Story URL: http://news.medill.northwestern.edu/chicago/news.aspx?id=214915
Story Retrieval Date: 10/20/2014 10:46:42 PM CST
Janet Olivera waited for an entrance ticket with more than 750 other fans.
Passionate fans pack appearance by Justice Sotomayor at Washington Library
Those who arrived early were given this ticket for the main room; others were put in an overflow room.
Justice Sonia Sotomayor walking through the crowd during the Q&A session.
Janet Olivera arrived at the Harold Washington Library more than three hours before Associate Justice Sonia Sotomayor was to take the stage to talk about her new book “My Beloved World.”
As the justice’s self-proclaimed No. 1 fan she only wanted one thing, a picture.
“I can’t take a picture with her!” Olivera said in disbelief when she was told no one could take pictures with the justice during the book signing Wednesday.
“I am really bummed out. I deleted pictures” to make space on the camera, said Olivera, who was still lucky enough to get one of the closest seats to the stage.
An estimated 500 admirers stood to welcome the justice as she and Mayor Rahm Emanuel exchanged an embrace after he delivered a touching introduction that emphasized her everyman roots. More than 200 additional people watched this scene on a projector screen from an overflow room.
“I don’t know any other justice that would get this type of turn out,” Emanuel said. Those in the crowd nodded their heads and laughed in agreement. “It is a testament to why Obama selected her. She brings a heartbeat to the Supreme Court.”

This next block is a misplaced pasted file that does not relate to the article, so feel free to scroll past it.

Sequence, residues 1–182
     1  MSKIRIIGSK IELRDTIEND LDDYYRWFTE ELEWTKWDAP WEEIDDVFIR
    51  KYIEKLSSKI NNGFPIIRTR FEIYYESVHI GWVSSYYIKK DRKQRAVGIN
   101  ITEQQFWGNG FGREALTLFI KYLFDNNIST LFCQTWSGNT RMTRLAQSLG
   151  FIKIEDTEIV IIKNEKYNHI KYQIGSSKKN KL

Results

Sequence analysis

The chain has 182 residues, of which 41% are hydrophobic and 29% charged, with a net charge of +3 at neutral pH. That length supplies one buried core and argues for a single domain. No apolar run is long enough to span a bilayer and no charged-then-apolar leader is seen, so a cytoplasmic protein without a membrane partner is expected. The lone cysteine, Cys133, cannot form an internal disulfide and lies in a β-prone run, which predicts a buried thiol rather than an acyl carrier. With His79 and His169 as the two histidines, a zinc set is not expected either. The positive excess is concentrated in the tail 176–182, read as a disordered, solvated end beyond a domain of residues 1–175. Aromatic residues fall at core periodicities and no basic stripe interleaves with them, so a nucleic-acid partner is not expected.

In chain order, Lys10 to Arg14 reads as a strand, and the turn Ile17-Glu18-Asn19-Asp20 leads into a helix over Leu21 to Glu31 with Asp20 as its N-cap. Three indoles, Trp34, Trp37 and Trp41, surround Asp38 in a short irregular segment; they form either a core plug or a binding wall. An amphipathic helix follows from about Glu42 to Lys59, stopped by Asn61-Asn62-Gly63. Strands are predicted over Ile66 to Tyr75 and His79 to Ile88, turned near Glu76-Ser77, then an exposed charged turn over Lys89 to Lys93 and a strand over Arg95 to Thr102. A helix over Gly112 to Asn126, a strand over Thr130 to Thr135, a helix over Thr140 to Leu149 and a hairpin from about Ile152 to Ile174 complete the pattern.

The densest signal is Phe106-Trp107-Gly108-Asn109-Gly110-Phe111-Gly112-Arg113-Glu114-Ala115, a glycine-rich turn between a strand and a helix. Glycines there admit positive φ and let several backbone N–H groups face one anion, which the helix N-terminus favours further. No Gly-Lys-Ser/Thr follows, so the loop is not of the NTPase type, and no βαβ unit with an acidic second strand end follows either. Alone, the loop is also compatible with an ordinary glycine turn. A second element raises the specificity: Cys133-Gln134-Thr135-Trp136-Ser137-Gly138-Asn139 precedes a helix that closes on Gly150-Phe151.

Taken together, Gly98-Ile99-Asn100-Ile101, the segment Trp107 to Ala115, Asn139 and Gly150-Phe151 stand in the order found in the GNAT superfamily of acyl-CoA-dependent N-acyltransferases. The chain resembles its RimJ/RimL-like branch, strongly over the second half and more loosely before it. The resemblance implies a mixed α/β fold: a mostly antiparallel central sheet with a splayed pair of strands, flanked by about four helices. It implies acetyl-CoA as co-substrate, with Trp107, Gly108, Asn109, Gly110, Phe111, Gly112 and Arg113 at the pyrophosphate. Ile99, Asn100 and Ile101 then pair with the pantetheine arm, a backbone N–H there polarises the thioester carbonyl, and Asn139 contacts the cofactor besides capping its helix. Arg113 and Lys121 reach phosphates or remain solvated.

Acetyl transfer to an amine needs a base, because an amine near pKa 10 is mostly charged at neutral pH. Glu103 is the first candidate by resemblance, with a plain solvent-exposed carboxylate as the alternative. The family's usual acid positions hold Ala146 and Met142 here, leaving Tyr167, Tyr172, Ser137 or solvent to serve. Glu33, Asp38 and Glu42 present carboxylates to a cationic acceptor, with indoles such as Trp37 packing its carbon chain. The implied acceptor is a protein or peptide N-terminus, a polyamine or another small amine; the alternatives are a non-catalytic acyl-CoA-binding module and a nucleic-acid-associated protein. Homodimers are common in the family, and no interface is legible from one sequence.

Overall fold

A heartbeat not only to the highest court in the United States, but to many that see her as an inspiration and role model for Latinos and women.
“To see her in the highest court in the land I feel very proud even though I don’t know her,” said Michelle Pantoja, a junior at DePaul University. “I am not her, but I could vicariously live through her.”
During the event the Sotomayor held a small Q-and-A session from preselected questions and read excerpts from her book. In the first reading she describes the importance of having a role model and how “meeting your first role model can show you there can be a path to success.”
Sotomayor's memoir depicts her rise from a difficult childhood in the Bronx in a single parent home after the death of her alcoholic father. She writes candidly about her diagnosis with juvenile diabetes and the failure of her marriage. But her determination to become a lawyer pushed her to become valedictorian of her high school class, success in college and law, to her appointment as the first Hispanic woman on the U.S. Supreme Court.
Pantoja read the book before attending and said “Even though she [Sotomayor] made some mistakes, in the end it all ended up working out. When I think about how I am in school, and working, and how I am trying to graduate, sometimes it becomes hard, but I just look to her for inspiration.”
Olivera said her picture was taken a lot at the event, mainly due to the shirt she was wearing which read “Wise Latina” above a picture of Sotomayor. But not one of those pictures taken of her included the actual justice.
"The event was a life changing experience. I was just excited to hear her talk,” Olivera said. “We grew up in the same scenario, but she was in New York and we were in Chicago. If she can make it anyone can.”
More than 500 autographed books were sold at the event. The justice’s next stop will be in Miami, Fla., on Friday and conclude in Philadelphia, Pa. on March 1.